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Weimar Republic 101: The Collapse of a Democracy


Before Hitler’s rise to power in 1933, Germany experienced its ‘roaring 20s’ through a parliamentary democratic system—the Weimar Republic. Weimar Republic 101 article series aims to introduce some of the key themes and debates in the historiography of the Weimar Republic, from its inception in 1918 to its death in 1933. The final article of the Weimar Republic 101 series continues the discussion from chapter five on the reasons for the Republic's collapse, this time expanding on the people's loss of faith in the democratic system. This final chapter includes a broader discussion of the consequences of crisis on democracies, an uncomfortable conversation for the world's democracies today, who are in the midst of economic and public health crises.

Weimar Republic 101 is divided into six chapters:

  1. Weimar Republic 101: Germany before and after World War I

  2. Weimar Republic 101: The Great Inflation 1923

  3. Weimar Republic 101: DADA Art and Weimar Culture

  4. Weimar Republic 101: The ‘New Woman’ in Post-War Germany

  5. Weimar Republic 101: The Great Depression 1929-1933

  6. Weimar Republic 101: The collapse of a democracy

Sennecke, R. (1933). Adolf Hitler waves from the chancellery to the jubilant crowd. They celebrate his appointment as Chancellor of Germany.

Understandings of Weimar Germany are framed by its well-known collapse in 1933 when Adolf Hitler becomes Chancellor and executes his brutal totalitarian dictatorship. It is not useful to view Weimar as having a fixed path towards destruction, but it is important to consider the reasons for its collapse. In this final article, we look at how Germany's transitional society after World War I bred feelings of insecurity among the population that eventually corroded the democratic system. We also explore how the image of Weimar is a spectre to today's democracies amid increasing polarisation, economic crises and the unprecedented events of the global Covid-19 pandemic.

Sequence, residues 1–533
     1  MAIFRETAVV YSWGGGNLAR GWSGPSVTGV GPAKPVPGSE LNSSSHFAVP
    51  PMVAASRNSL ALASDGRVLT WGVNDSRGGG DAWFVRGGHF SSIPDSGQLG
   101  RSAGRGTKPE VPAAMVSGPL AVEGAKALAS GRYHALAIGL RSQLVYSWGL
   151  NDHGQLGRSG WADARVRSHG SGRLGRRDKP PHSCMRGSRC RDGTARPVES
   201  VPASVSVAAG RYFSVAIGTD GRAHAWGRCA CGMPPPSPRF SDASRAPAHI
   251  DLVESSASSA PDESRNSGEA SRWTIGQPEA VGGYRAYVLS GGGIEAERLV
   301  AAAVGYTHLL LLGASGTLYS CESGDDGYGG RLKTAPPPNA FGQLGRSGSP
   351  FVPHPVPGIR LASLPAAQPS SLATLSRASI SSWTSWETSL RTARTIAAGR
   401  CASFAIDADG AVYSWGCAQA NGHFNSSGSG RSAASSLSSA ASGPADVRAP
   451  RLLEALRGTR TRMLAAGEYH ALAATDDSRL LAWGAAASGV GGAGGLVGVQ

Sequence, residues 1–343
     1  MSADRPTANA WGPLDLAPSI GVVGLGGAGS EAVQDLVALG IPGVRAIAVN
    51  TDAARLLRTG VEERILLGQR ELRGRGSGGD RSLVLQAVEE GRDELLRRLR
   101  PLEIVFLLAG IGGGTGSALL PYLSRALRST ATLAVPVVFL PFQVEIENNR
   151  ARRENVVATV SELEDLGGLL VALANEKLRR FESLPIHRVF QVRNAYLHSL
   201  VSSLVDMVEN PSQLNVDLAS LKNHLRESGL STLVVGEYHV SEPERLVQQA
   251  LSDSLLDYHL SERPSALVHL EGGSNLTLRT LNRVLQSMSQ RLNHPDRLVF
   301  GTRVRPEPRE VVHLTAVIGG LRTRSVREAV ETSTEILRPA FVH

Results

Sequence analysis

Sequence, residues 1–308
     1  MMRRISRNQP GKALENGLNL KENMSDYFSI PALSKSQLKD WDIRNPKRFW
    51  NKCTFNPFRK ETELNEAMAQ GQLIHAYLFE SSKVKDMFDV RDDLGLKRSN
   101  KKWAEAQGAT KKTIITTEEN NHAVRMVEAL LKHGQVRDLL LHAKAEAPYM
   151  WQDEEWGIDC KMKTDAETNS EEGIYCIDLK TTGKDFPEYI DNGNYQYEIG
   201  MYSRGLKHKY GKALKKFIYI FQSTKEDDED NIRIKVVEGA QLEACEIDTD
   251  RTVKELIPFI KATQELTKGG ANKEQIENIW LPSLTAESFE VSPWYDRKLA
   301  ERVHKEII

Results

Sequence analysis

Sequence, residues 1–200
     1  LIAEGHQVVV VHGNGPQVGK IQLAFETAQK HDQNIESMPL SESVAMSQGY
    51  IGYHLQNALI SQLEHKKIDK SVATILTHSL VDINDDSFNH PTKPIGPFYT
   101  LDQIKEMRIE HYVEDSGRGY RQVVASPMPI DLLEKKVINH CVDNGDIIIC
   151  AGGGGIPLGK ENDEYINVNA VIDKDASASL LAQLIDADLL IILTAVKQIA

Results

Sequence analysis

The Weimar Republic was a fifteen-year democratic system that existed in Germany after World War I and before World War II. The forces that contributed to the collapse of Weimar democracy extended beyond the economic pressures of the Great Depression that gripped Germany during the Republic’s final years. Indeed, Storer (2013, p. 199) comments that Weimar studies have taken a ‘cultural turn’ in recent years, blurring the lines between the political, social, and cultural histories of Germany after World War I. Preceding articles in this 101 series have aimed to participate in this ‘cultural turn’. For example, when looking at the avant-garde art that was born out of the Republic or when looking at the role of women in Weimar society, this series has been attentive to how we can free ourselves from dichotomies of political and cultural life and integrate our understanding of Weimar history. In this respect, it is useful to consider the ‘moral collapse’ of Weimar focusing on the cultural factors that contributed to the fall of the democratic system.

In line with this ‘cultural turn’, Gerwarth (2005, p. 120) recognises the “psychological consequences” of unemployment and the Great Depression, which led to “feelings of insecurity” among the Germans. On a national scale, this insecurity was realised in the country’s resentment towards the democratic government who had signed the Treaty of Versailles. The German p